Get on board with the next wave of yoga
Bandha boards look like stand-up paddle boards with one important difference — they're used on dry land.
One recent afternoon, 10 of those boards were lined up near the pool in a Rochester backyard, yoga mats beneath them, ready for use as balance boards in a yoga class that mimics some of the action of stand-up paddle boarding.
The class began, like many yoga classes, with instructor-led visualization. Unlike any class I have been to, we lay back on boards that rocked in response to movement while picturing ourselves on a body of water.
The class was one of several experiences that instructor Michelle Kalina hopes to continue in Rochester through her business, MichelleK Yoga Experiences.
"It was challenging. It was relaxing, listening to the birds, the sound of the water, laying in the sunshine," said participant Elizabeth Conser, who had only practiced yoga a few times before giving the class a try. "It felt like an actual surfboard. It wobbled, so you felt like you were on the waves."
McCayla Thoe, a yoga practitioner, said the board's rocking movement "makes you engage your core the whole time. You can't get lazy on the board."
"I'm not a big yogi," said Sarah Pacchetti of Studio on Third, "but this was really fun."
Kalina, who did her yoga teacher training at the Yoga Center of Minneapolis, is the first to bring this form of exercise to Rochester.
"Living in a small, growing community, we don't have all of the resources and opportunities that are available," she said. "I saw my peers going to unique classes and unique experiences. It was a three-hour round trip if I wanted to go to any of them."
Kalina reached out to others to help bring the unique experience to Rochester. Through Instagram, she connected with Bonnie Thoe-Austin, a yoga instructor who teaches classes on bandha boards that she builds herself.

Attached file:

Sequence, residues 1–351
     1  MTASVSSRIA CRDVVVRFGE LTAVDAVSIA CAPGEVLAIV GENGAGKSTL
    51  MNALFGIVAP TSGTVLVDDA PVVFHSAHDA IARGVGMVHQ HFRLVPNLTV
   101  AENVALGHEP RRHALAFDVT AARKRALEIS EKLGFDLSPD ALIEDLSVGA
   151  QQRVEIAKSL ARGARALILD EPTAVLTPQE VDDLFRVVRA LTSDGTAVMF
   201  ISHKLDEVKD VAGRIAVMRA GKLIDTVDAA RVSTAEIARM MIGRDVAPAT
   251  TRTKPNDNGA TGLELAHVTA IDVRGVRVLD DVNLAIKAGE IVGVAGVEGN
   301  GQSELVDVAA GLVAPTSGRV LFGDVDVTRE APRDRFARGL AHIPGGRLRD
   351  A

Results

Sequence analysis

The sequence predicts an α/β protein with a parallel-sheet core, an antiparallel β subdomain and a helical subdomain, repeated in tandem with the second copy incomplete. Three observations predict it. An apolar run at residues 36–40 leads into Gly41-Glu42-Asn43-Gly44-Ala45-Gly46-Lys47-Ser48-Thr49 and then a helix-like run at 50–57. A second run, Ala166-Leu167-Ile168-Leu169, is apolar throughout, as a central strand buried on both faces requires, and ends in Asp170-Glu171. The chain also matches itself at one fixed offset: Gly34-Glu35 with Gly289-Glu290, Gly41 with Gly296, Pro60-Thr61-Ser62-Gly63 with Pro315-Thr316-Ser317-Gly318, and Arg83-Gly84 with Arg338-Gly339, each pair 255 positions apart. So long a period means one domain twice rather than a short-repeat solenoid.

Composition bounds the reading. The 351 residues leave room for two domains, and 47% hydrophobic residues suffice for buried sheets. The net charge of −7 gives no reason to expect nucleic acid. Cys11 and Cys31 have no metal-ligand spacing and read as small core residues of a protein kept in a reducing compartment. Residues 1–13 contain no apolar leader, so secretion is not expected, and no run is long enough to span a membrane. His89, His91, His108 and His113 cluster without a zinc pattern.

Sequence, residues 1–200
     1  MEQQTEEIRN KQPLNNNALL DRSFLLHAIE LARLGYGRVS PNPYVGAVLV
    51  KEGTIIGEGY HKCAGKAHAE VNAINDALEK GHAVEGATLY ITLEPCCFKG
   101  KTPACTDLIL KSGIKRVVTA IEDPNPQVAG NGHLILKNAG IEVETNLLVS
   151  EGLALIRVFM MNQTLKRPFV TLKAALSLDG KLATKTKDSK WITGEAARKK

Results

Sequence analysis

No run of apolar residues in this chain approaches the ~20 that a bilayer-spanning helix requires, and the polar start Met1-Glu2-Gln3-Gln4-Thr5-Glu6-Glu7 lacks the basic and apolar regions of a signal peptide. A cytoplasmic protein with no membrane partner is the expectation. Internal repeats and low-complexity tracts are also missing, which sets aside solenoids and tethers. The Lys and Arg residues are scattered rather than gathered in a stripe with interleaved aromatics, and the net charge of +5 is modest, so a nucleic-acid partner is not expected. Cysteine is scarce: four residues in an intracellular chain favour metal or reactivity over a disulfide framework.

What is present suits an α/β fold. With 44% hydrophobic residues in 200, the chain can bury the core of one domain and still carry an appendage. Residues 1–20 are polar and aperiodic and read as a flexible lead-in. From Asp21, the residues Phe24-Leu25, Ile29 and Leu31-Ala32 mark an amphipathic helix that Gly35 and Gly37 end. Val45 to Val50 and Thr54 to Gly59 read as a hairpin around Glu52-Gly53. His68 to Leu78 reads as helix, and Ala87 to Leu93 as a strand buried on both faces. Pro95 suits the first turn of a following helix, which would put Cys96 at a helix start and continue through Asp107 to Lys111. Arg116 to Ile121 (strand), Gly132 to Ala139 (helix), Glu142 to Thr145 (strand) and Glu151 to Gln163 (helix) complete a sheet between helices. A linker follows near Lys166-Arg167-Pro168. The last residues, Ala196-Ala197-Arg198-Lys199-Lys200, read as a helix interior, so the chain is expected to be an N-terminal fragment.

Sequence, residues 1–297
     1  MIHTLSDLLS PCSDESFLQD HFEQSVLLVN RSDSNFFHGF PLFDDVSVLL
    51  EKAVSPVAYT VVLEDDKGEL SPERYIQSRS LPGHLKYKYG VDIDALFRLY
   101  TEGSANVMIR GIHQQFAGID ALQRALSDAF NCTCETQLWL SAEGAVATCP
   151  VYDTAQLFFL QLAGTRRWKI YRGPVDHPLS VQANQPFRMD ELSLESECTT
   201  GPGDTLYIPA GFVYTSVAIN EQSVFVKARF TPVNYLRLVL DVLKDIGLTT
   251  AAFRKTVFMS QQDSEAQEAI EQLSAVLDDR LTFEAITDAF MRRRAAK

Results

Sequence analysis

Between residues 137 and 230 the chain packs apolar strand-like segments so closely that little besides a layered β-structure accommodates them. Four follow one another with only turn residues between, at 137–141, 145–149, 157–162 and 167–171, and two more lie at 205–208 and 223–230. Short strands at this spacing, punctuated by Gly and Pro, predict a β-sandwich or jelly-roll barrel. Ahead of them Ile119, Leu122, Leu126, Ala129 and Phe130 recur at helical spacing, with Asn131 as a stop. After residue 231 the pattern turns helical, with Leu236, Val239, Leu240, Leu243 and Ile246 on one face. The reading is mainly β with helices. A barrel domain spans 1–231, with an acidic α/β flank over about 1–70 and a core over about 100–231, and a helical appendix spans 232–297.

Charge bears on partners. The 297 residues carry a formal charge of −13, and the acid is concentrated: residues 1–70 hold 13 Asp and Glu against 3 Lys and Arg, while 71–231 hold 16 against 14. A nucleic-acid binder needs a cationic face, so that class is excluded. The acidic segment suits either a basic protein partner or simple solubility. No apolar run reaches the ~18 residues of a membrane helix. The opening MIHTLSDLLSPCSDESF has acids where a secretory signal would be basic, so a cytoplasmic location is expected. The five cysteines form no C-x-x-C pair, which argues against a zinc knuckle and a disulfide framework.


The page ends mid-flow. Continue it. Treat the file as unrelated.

Thoe-Austin's day job is as an industrial arts teacher and technology integrationist, so building the boards came as a natural solution to the problem that Minnesota's winter poses for a person who likes doing yoga out on the water on a stand-up paddle board.
Doing yoga on a bandha board was a first for Kalina the night she hosted the class.
"I loved how it challenged me," she said. "The poses that are easier on ground were harder on the board, and the poses that are harder on the ground were easier on the board. For tree pose, it was easy on the board. The board is moving with your foot. I thought that Warrior Two and Reverse Warrior were so hard to balance. I was able to do crow easily, maybe because I gripped the side of the board."
And poses that are ill-advised? "I don't suggest inversions," said Thoe-Austin, noting that, regardless, some students can't wait to do them. An inversion is a yoga pose that positions the heart higher than the head.
"They want to do headstands," she said. "If you fall on the water that's one thing. The water is much more forgiving than the ground."
The recent yoga class was a test of local interest. "It was definitely a great turnout and we had a lot of people ask us to do it again," said Kalina. She is now looking for potential locations in Rochester for the class, and she's considering what further new yoga experiences to bring; possibly a class that involves a Dharma Yoga Wheel.
"Once people try yoga and they realize how it can change their lives, they want more of it," Kalina said. "It's a positive addiction."